Clinicians should routinely assess the patient's balance, gait, vision, postural blood pressure, medications, environment, cognition, and psychological health. Making the patient's home “fracture proof” is a great place to start, and occupational therapists from home health agencies can help with this. Fracture proofing a home can include installing textured pads in showers and on slippery floors; taping down edges of rugs and mats; and making sure the lighting in the home is adequate, specifically in stairways and between the bed and bathroom.10

In addition to environmental modifications, a variety of lifestyle modifications can also prevent fractures. These

Address correspondence to Ann Lindsay, MD, at adlindsa@stanford.edu. Reprints are not available from the author.

Author disclosure: No relevant financial affiliations.

References

show all references

1. ePrognosis. Combined Lee Schonberg Index. Accessed October 4, 2019. https://eprognosis.ucsf.edu/leeschonberg-result.php...

2. Centre for Metabolic Bone Diseases, University of Sheffield, UK. Fracture Risk Assessment Tool. Accessed October 2019. https://www.sheffield.ac.uk/FRAX/tool.aspx?country=9

3. Cosman F. The evolving role of anabolic therapy in the treatment of osteoporosis. Curr Opin Rheumatol. 2019;31(4):376–380.

4. Salkeld G, Cameron ID, Cumming RG, et al. Quality of life related to fear of falling and hip fracture in older women: a time trade off study. BMJ. 2000;320(7231):341–346.

5. Parkkari J, Kannus P, Palvanen M, et al. Majority of hip fractures occur as a result of a fall and impact on the greater trochanter of the femur: a prospective controlled hip fracture study with 206 consecutive patients. Calcif Tissue Int. 1999;65(3):183–187.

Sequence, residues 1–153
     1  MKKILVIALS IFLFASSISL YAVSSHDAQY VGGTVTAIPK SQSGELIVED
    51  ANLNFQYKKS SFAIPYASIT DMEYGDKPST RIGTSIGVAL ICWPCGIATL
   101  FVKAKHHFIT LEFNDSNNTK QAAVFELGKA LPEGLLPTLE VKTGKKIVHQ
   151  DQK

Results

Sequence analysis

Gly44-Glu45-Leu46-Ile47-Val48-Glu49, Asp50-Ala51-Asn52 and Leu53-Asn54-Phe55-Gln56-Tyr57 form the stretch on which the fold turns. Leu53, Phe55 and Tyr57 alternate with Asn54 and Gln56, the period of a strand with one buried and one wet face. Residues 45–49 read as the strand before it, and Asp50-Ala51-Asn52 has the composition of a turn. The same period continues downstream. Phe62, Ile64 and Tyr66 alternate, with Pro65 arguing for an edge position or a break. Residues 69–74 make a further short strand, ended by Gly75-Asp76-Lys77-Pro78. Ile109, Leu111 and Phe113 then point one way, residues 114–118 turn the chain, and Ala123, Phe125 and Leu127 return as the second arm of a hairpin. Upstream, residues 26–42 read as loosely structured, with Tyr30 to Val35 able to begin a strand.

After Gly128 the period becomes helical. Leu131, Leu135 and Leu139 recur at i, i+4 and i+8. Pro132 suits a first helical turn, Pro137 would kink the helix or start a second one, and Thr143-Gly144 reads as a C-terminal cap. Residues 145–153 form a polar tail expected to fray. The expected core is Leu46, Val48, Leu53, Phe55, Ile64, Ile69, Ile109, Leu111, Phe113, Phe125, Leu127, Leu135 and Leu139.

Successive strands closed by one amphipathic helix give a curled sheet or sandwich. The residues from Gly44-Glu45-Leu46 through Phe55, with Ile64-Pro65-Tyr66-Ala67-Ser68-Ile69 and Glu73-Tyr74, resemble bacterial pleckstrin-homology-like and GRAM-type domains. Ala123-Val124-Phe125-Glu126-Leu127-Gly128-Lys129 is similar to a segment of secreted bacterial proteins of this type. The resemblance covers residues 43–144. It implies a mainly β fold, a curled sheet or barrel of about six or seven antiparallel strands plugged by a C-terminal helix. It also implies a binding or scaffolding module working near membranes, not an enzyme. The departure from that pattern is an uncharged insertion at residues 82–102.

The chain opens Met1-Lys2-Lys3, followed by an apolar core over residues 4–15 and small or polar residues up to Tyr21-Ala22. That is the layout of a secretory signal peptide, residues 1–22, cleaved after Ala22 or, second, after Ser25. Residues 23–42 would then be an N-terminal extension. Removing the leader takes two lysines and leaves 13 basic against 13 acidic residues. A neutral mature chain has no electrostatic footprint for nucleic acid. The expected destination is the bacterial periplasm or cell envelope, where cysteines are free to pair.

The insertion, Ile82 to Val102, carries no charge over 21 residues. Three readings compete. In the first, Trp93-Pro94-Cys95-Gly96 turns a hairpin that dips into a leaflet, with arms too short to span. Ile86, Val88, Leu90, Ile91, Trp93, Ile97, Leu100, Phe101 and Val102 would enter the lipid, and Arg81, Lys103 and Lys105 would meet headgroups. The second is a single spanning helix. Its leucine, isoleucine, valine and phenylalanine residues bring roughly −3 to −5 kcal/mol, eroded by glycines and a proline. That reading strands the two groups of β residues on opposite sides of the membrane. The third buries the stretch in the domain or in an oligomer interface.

6. Qaseem A, Forciea MA, McLean RM, et al.; Clinical Guidelines Committee of the American College of Physicians. Treatment of low bone density or osteoporosis to prevent fractures in men and women: a clinical practice guideline update from the American College of Physicians [published correction appears in Ann Intern Med. 2017;167(6):448]. Ann Intern Med. 2017;166(11):818–839.

7. American Academy of Family Physicians. Clinical practice guideline. Treatment of low bone density or osteoporosis. April 2017. Accessed January 21, 2020. https://www.aafp.org/patient-care/clinical-recommendations/all/osteoporosis-cpg.html

8. Berry SD, Shi S, Kiel DP. Considering the risks and benefits of osteoporosis treatment in older adults. JAMA Intern Med. 2019;179(8):1103–1104.

9. McGarvey C, Coughlan T, O'Neill D. Ageism in studies on the management of osteoporosis. J Am Geriatr Soc. 2017;65(7):1566–1568.

10. Centers for Disease Control and Prevention. Pocket guide: preventing falls in older patients. Accessed October 2019. https://www.cdc.gov/steadi/pdf/STEADI-PocketGuide-508.pdf

11. Brander C. Osteoporosis: making sense of a diagnosis and tough decisions about treatment. National Women's Health Network. January 30, 2018. Accessed October 2019. https://nwhn.org/osteoporosis-making-sense-diagnosis-tough-decisions-treatment/

12. U.S. Department of Health and Human Services. Osteoporosis prevention, diagnosis, and therapy. National Institutes of Health Consensus Development Conference statement, March 27 to 29, 2000. Accessed January 24, 2020. https://consensus.nih.gov/2000/2000osteoporosis111html.htm

13. Burt LA, Billington EO, Rose MS, et al. Effect of high-dose vitamin D supplementation on volumetric bone density and bone strength: a randomized clinical trial [published correction appears in JAMA. 2019;322(19):1925]. JAMA. 2019;322(8):736–745.

14. U.S. Food and Drug Administration. How long should you take certain osteoporosis drugs? Accessed January 21, 2020. https://www.fda.gov/consumers/consumer-updates/how-long-should-you-take-certain-osteoporosis-drugs

Lown Institute Right Care Alliance is a grassroots coalition of clinicians, patients, and community members organizing to make health care institutions accountable to communities and to put patients, not profits, at the heart of health care.

This series is coordinated by Kenny Lin, MD, MPH, deputy editor.